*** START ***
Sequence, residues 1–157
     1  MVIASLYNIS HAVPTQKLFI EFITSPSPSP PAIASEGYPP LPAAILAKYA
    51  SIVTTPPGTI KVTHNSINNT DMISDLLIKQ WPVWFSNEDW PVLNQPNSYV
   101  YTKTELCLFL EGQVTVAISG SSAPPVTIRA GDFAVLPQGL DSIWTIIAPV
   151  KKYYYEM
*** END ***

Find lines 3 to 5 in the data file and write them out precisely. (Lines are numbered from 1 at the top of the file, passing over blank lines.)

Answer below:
    51  SIVTTPPGTI KVTHNSINNT DMISDLLIKQ WPVWFSNEDW PVLNQPNSYV
   101  YTKTELCLFL EGQVTVAISG SSAPPVTIRA GDFAVLPQGL DSIWTIIAPV
   151  KKYYYEM